Any non-Disney work adopting an art style that is typical of the Disney Animated Canon
, for the purpose of an Homage
, Affectionate Parody
, or even a Take That
, to the Disney style.
Well, at least the stereotypical style is adopted. Regardless of the actual variety of the art in Disney films, many people think that all Disney films have the same general look, with traits such as:
This can appear in a TV show, a comic book or a feature-length film; and it doesn't matter if this style lasts through the entire work or is just an Art Shift
for a single scene. It can involve a character having a pleasant fantasy, even overlapping with Disney Creatures of the Farce
or the Roger Rabbit Effect
is a Sister Trope
... or might even be a Sub-Trope
, depending on how much you take into account Osamu Tezuka
basing his style on the various Walt Disney
Contrast Limited Animation
Not to be confused with Disneyfication
, All Animation Is Disney
(though it could easily lead to that), or being a Follow the Leader
to Disney films.
Films — Live-Action
- As in the picture, Family Guy did this as one of several Alternate Universes Brian and Stewie visit in one episode, which included making Lois look like a Disney Princess.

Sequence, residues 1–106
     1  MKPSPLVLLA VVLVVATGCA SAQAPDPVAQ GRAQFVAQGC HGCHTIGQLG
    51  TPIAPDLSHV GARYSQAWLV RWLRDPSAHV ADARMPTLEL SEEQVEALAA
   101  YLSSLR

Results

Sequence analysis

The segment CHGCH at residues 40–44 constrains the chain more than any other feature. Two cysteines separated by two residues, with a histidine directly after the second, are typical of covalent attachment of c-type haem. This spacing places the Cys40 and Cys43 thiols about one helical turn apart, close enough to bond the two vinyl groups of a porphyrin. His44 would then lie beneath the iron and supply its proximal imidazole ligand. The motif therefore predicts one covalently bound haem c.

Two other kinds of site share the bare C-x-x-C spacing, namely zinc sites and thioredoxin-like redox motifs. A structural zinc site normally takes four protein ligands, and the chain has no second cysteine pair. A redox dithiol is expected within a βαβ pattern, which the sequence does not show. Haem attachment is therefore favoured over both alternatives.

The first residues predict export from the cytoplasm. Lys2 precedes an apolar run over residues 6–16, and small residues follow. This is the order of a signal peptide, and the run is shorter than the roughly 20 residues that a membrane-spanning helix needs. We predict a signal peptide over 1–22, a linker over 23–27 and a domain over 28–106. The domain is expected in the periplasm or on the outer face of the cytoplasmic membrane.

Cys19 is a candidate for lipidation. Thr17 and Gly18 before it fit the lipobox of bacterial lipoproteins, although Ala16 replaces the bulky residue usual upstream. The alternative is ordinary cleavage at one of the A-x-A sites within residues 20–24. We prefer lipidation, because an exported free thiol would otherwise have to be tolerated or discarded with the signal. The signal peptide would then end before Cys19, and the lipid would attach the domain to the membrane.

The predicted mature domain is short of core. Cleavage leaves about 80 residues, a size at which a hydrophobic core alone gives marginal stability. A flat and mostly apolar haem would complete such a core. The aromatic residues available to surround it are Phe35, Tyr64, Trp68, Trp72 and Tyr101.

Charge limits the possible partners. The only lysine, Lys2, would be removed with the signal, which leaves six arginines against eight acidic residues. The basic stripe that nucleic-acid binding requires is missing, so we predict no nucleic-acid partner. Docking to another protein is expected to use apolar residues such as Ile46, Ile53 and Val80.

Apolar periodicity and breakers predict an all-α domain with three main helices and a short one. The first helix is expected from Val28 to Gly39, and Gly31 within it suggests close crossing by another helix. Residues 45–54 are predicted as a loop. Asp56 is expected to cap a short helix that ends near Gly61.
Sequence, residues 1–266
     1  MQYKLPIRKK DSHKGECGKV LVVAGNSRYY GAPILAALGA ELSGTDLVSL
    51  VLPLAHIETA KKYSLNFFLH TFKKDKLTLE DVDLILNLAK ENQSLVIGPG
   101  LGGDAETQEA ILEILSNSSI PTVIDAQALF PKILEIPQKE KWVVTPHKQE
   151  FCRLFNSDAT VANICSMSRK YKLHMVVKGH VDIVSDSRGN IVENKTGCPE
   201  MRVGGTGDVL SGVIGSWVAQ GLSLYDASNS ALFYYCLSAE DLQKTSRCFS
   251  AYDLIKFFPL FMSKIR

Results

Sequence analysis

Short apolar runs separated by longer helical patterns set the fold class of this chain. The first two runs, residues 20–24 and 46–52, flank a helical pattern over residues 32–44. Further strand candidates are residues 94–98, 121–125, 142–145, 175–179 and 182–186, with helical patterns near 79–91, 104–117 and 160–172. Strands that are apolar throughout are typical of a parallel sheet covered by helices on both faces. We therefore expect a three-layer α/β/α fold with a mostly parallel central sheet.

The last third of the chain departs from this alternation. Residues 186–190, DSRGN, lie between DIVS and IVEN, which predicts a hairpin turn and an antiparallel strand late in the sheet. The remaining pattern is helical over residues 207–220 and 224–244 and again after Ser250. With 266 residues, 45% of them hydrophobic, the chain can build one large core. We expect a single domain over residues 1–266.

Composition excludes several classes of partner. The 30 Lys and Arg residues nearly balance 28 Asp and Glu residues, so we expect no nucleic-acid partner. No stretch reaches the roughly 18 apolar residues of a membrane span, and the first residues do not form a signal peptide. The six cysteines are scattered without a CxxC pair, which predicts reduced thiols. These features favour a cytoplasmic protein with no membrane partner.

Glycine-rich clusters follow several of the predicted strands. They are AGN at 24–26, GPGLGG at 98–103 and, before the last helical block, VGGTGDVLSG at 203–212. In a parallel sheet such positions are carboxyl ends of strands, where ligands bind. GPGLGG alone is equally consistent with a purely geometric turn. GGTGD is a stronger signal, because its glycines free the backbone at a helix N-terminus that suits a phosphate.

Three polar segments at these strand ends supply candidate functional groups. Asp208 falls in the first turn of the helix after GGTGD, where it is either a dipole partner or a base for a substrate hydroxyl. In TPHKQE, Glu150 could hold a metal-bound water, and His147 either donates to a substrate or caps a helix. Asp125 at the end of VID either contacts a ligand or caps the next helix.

- One episode of the Spawn animated series opened like this.
- Princess Clara (and anyone and anything related to her) from Drawn Together, as the show uses characters from different animation styles.
- Tex Avery's early Looney Tunes shorts aped the Disney style as closely as possible for the sake of parody.
- One Screwy Squirrel cartoon even has Screwy encountering a very Disneyesque little squirrel, who announces the cartoon will be about him "and all his cute furry friends" (a plot sounding suspiciously like Bambi), whereupon Screwy beats him up.
- A Valentine's Day Episode of The Simpsons featured a Lady and the Tramp parody named "Shady and the Vamp". Although the characters were still drawn in the standard Simpsons style, the backgrounds were painted in the Disney style and the characters' lines were done in color.
- Disney animator Eric Goldberg directed the Couch Gag for the episode "Fland Canyon", where the Simpsons appear as various Disney characters. Again, drawn in the Simpsons style, but with much smoother animation. It also depicts the wide variety of art styles within the Disney Animated Canon, with Maggie done in the Inkblot Cartoon Style of the early '30s and Homer as Baloo in the sketchy Xerox style of the 1960s and '70s.
- Early Chuck Jones shorts, such as those featuring Sniffles the Mouse, employed this.
- Adventures from the Book of Virtues looks pretty Disneyesque for a PBS cartoon.
- Tom and Jerry and The Wizard of Oz (2011) does this with the settings and characters derived from the latter film, but lets the T&J characters have their typical look.